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What are textiles really made of? Exploring the invisible

Discover the easy way of testing fabrics with mobile textile analysis.

Hannah Szynal
Hannah Szynal

Nov 14, 2021

Each year thousands of metric tons of textile fibers are produced, and it is becoming crucial to process, recycle and treat them correctly to minimize industrial and individual waste.

It is also becoming more important to differentiate certain fabrics or determine whether textiles are made from natural or synthetic fibers. Information that is of use to many, including businesses and individuals avoiding fraudulent fabrics or having consumers suffer from textile allergies.

But what are the differences between identification and quantification? How exactly does mobile textile analysis work? Let’s explore the answers.

Identification – What is in your sample?

When identifying textiles, you are analyzing their composition to determine what material they are made of. For example, cotton, polyester, silk, or wool. When using mobile textile analysis, this can be done wherever you are – at work, at the warehouse or in the field.

Textile_fabrics_selection© [berezko] / Adobe Stock

Quantification – How much of a component is in your sample?

When quantifying textiles, you don’t just determine what your fabric is made of, but also how much of a certain fiber is present in your sample. If your fabric was made from cotton and polyester, you can determine the percentage of each, for example 80% cotton and 20% polyester.

Mobile textile analysis vs. lab analysis

How is mobile textile analysis different from lab analysis? What are the benefits of mobile testing and in what situations is lab analysis still necessary?

For one, conducting mobile textile analysis is much faster than conducting common lab analysis. You receive the results in less than a minute, while it sometimes takes a few days to get them from the lab. The results are easy to interpret, and your samples don’t get damaged in the process.

Mobile textile analysis allows you to test textiles wherever you are. You can use it to pre-sort samples and make informed decisions of whether certain fabrics need an in-depth analysis from the lab. This saves you money and time as only a fraction of samples will need to be sent to the lab.

Textile_lab_analysis© [Elnur] / Adobe Stock

Discovering and creating possibilities

When it comes to mobile textile analysis and its area of application, the possibilities are rather broad. It has the power to enhance workflows, products, and services by making them faster, easier, and more affordable.

Take a look at the following use cases. Which of the application examples would benefit you? What other use cases might come to mind when thinking about your own line of work?

Inspecting incoming goods more easily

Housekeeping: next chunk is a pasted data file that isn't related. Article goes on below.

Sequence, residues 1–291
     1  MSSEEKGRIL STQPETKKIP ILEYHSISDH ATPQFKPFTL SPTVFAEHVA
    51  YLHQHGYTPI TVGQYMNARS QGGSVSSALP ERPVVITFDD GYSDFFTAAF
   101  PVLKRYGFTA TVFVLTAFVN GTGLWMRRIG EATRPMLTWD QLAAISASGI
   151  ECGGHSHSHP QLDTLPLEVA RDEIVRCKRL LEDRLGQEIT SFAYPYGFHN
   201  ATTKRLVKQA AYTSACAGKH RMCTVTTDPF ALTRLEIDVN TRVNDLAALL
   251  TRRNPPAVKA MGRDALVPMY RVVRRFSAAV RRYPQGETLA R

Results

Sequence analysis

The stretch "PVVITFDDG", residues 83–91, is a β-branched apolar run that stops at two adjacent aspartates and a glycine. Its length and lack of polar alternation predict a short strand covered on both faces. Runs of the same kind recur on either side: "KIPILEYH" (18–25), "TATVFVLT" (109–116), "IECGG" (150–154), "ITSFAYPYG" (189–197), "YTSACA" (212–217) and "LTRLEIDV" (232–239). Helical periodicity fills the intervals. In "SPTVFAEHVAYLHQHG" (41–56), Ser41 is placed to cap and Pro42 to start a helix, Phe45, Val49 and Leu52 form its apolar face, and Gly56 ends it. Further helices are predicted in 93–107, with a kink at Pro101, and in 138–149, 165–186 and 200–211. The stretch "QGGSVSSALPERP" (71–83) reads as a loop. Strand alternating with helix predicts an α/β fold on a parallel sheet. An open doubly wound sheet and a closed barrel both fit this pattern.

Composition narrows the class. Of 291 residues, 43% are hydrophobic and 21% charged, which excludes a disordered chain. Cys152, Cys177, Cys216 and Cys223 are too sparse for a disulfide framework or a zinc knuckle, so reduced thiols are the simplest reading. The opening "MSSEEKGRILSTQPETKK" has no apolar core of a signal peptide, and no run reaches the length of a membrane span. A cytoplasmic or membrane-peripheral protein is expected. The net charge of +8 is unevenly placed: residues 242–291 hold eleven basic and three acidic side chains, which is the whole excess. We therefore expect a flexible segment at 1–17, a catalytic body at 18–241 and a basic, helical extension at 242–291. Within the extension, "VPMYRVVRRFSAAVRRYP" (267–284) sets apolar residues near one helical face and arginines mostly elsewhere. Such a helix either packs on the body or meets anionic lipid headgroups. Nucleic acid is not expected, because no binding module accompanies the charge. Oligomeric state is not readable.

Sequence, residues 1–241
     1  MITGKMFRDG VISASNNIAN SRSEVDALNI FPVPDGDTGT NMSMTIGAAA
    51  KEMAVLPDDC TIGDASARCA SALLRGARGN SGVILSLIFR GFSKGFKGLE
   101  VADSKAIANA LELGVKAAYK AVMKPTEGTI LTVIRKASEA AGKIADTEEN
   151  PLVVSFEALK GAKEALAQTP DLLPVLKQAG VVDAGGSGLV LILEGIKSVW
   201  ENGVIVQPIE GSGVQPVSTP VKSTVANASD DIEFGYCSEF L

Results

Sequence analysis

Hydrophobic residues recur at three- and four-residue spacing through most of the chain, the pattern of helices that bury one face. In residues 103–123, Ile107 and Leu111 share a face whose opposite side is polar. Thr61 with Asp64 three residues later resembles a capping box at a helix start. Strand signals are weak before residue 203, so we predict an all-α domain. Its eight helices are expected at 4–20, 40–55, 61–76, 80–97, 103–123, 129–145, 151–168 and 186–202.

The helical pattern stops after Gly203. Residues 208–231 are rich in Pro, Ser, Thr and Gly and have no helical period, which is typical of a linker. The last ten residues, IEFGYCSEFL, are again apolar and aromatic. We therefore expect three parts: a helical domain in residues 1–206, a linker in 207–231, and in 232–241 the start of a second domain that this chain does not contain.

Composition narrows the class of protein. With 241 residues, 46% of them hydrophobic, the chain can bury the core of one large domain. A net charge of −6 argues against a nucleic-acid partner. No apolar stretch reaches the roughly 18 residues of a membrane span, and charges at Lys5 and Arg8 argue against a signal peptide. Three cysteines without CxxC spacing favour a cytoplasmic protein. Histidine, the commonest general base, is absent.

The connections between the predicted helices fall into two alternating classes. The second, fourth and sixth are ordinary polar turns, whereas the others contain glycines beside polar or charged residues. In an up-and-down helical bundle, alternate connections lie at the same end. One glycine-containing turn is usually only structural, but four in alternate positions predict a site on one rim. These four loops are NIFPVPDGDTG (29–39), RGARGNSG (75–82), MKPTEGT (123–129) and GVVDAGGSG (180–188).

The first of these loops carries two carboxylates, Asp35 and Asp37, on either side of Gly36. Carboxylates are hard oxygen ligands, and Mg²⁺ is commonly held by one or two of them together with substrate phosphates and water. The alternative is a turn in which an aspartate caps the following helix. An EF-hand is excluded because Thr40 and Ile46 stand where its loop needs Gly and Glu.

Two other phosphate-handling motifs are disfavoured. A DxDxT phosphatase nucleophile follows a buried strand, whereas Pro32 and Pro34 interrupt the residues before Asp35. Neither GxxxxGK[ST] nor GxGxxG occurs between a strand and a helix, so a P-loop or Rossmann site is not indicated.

Test incoming fabrics as they arrive without having to send them to the laboratory and wait for the results. This allows you react to changes in quality or authenticity immediately and resolve uncertainties for all parties sooner. It also saves money and resources as the cost for lab analysis can be minimized and less experienced employees can conduct the testing.

Recycling textiles more precisely

Globally, an estimated 92 million tons of textile waste is created each year, as textiles are rather difficult to recycle. The use of mobile textile analysis allows for more precise sorting of fabrics, even on a small scale, and consequently leads to a more suitable recycling process. This doesn’t just simplify the workflow of recycling facilities, but also creates less unidentifiable waste for industries and households alike.

Ensuring quality of produced fabrics and fibers

Check the raw materials and fibers you produce before processing them further and ensure that quality parameters are met. Doing this also allows you to improve flaws in the composition of produced fabrics before selling them to your customers.

Identifying fabrics to treat them correctly

Think about cleaning services, industrial laundries, or even just your own home. There are many situations in which fabrics, such as carpets, clothing, or upholstery require cleaning but can not be treated with the right agents due to missing information about their material. This can lead to damaged textiles because of unnecessarily aggressive cleaning agents, or unsatisfactory results like persistent stains. Mobile textile analysis enables you to determine what fabrics are made of and treat them correctly with the appropriate level of care.

Textile_identification_label© [warloka79] / Adobe Stock

Mobile textile analysis can make a difference for individual work lines and contribute to a more sustainable handling of textiles on a larger scale. You should now have a better understanding of textile identification and quantification, of possible use cases, and of the differences between mobile textile analysis and lab analysis.

Would you like to see how mobile textile analysis is conducted in real life? Check out this YouTube video to watch our SenoCorder in action.


Hannah Szynal

I joined Senorics in October 2019 and am the company's Sales and Marketing Manager. My main responsibilities are strategic planning and leading the team towards reaching the company’s goals. I think that a task is only completed successfully when everyone involved had fun working on it. I’m also a real data nerd.


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